Various moments in time have triggered an act of urgency and produced endless questions that center around the complexity of how the world is structured and its impact on the present and past society. These questions then become a vital part of the creation of social theory. Through the different lenses of the countless theorist, the binary questions that are made to deconstruct the theoretical perspective that the anti-intellectuals present to the public, create a different framework for how the people define structure and "play". Through the viewpoints of W.E.B Dubois and Elie Pariser, the discussion of the social imagination and intellect are revealed. By integrating concepts from Dubois and Pariser, we can further analyze the structure of society and how the relationship with the past supplied the foundation for the perspectives of the classic theorist.
Weber is redefining capitalism or at the least the essence of capitalism that he saw as the natural evolution of ascetic Protestantism. Weber’s use of the term ‘capitalism’ along with ‘religion’ is somewhat problematic and has created much debate, when applied to the interpretation of the origins of modern western economy. For Weber, capitalism is “identical with the pursuit of profit, and forever renewed profit, by means of continuous, rational, capitalistic enterprise. For it must be so: in a wholly capitalistic order of society, an individual capitalistic enterprise which did not take advantage of its opportunities for profitmaking would be doomed to extinction.” (xxxii) I think that Weber narrows the definition of capitalism and presents the capitalistic spirit as a limited concept. Throughout his writings, He judges modern capitalism as rational and anything irrational to be not capitalism.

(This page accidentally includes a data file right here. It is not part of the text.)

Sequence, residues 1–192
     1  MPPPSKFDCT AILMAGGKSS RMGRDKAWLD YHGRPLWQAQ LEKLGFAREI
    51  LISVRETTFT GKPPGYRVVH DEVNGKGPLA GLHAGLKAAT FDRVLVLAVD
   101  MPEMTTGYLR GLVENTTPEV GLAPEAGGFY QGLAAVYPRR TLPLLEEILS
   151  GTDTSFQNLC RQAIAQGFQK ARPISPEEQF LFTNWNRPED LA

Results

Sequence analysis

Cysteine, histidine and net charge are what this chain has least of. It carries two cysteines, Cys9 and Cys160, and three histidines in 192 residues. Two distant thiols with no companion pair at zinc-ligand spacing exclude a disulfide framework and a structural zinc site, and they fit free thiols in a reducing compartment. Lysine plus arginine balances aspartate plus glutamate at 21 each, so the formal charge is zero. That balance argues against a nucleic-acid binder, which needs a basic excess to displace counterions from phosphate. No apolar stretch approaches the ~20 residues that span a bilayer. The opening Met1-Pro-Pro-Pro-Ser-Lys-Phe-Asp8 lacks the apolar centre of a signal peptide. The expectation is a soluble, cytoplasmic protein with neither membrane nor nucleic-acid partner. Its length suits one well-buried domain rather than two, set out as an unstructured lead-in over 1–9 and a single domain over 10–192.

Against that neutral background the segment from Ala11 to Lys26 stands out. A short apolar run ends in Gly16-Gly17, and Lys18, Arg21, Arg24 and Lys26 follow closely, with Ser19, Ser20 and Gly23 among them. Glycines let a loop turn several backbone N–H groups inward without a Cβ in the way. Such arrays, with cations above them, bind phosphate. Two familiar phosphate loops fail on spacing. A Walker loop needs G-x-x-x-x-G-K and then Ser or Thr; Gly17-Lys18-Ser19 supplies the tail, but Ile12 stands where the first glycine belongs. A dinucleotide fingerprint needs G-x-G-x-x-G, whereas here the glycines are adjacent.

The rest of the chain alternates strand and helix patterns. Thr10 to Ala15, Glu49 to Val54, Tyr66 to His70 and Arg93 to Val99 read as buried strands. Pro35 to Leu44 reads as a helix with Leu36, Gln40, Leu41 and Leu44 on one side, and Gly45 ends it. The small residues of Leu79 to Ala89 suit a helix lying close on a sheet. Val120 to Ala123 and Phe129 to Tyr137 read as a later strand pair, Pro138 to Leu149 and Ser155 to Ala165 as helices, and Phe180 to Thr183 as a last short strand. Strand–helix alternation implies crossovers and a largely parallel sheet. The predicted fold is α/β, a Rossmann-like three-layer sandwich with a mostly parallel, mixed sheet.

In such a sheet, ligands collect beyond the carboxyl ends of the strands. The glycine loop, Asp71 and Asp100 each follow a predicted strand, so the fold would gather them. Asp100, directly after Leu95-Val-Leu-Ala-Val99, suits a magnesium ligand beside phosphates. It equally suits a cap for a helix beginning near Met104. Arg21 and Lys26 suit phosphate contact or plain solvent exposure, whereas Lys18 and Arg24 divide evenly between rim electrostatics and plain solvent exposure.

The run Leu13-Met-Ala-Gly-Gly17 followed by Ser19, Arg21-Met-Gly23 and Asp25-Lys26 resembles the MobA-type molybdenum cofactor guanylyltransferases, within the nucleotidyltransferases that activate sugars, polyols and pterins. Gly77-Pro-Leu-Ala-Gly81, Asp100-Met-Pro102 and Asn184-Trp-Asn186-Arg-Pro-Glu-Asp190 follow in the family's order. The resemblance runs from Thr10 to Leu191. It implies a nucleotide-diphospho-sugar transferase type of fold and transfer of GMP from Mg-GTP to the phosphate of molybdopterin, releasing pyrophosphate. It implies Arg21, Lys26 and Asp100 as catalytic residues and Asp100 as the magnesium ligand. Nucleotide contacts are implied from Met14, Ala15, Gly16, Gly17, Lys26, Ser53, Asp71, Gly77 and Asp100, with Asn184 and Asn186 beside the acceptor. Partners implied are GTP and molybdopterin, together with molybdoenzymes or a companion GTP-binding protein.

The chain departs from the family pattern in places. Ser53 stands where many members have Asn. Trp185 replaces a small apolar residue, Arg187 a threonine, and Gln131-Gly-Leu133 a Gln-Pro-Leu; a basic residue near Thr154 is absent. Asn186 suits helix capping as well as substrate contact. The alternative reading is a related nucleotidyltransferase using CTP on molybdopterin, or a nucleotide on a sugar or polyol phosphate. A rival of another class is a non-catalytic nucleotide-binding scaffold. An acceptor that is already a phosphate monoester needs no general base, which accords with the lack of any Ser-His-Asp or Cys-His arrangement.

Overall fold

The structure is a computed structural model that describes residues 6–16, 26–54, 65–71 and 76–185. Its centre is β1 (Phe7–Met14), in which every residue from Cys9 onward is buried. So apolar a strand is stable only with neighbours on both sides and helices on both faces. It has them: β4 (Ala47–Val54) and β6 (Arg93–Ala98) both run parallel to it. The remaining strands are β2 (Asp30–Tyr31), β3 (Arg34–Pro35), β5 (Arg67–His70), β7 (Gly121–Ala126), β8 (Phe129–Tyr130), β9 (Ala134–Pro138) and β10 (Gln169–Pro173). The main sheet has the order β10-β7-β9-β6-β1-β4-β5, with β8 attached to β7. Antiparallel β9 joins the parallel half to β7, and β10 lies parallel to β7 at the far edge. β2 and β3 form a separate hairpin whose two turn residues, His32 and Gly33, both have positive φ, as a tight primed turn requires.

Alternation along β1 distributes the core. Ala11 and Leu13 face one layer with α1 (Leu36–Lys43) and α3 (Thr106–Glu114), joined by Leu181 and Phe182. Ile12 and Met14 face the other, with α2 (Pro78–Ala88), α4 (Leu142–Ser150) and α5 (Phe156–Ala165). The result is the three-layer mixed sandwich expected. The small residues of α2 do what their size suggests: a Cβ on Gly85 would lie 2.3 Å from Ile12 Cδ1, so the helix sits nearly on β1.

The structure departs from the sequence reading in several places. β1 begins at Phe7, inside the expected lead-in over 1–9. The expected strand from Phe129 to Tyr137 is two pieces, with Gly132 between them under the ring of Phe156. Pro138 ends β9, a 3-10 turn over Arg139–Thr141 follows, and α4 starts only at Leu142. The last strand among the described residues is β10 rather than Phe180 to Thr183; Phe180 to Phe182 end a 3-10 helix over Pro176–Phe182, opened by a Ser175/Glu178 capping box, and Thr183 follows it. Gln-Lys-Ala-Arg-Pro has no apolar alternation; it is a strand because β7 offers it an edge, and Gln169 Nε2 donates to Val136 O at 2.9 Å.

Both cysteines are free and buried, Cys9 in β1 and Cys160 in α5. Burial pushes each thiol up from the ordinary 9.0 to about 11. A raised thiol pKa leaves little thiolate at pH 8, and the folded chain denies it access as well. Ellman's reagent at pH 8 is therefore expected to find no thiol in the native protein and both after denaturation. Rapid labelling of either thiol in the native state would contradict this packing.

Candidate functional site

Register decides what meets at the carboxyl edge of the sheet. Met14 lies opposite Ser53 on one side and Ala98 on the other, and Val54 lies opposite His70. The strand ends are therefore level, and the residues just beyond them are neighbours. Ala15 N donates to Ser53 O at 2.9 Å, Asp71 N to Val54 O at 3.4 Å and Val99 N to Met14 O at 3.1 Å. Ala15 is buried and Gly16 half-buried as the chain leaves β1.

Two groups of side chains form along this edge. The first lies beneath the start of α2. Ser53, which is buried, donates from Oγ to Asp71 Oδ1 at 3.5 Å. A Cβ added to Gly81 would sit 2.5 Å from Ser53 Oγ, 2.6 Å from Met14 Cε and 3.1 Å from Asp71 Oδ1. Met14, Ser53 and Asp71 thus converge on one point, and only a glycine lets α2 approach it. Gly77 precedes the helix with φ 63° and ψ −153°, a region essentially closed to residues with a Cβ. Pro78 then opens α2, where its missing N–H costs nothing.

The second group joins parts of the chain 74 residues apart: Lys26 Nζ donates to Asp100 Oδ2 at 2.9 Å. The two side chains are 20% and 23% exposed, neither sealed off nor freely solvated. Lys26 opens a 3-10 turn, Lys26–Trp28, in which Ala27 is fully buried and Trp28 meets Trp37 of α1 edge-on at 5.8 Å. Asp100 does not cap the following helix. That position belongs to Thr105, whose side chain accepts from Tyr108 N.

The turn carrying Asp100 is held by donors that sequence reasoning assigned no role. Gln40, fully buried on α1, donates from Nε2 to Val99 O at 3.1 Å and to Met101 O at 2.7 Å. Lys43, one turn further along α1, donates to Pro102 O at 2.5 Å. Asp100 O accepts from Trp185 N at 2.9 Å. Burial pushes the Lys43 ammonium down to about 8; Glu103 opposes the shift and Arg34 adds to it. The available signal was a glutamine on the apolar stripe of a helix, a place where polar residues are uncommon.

When society pushes one ideal to the point of ignoring other possibilities, in this case regarding sexuality and gender, and it can be extremely difficult for some parents to except their children are not going to live the life that they envisioned. This can be even worse, for both parents and children, when deeply conservative religious convictions come into play. Structural functionalism is another perspective in sociology research, and is attributed to Emile Durkheim. Durkheim is also considered by many to be the father of modern social sciences, and is often referred to as the first sociologist. His work led to the formal adoption of sociology as an academic discipline.
Nor is it constrained by instrumental goals. In addressing concerns about the validity of interpretive sociological research, the noted sociologist Anthony Giddens proposed three kinds of sociological imagination, which he hoped would further understanding of social structure. He categorized them as: historical, cultural and critical. Given that the sociological imagination can be described as an attempt to understand what is going on around us in order to “seek to understand the present”, Gidden (1997, p. 578) notes that the complexity of human behavior means that “it is very unlikely that a single theoretical perspective could cover all its
Religious beliefs and values of primitive society gave meaning and significance to people. The modern world, as Weber thought, was transforming human beings into merely cogs and bureaucratic machines, trapped in an “iron cage” of bureaucratic rationalisation- not as complex human beings with sensibilities and souls (Lippmann and Aldrich, 2001). “Specialists without spirit, sensualists without heart” (SAGE, 2004 pp.180) as Weber expressed, reinforces the loss of humanity in our “iron cage”. The “iron cage” is reflective of Weber as a pessimist of progression of the modern world. His pessimism indicates that, all the best intentions in the world may not necessarily produce good outcomes (Weber, 1905/1930).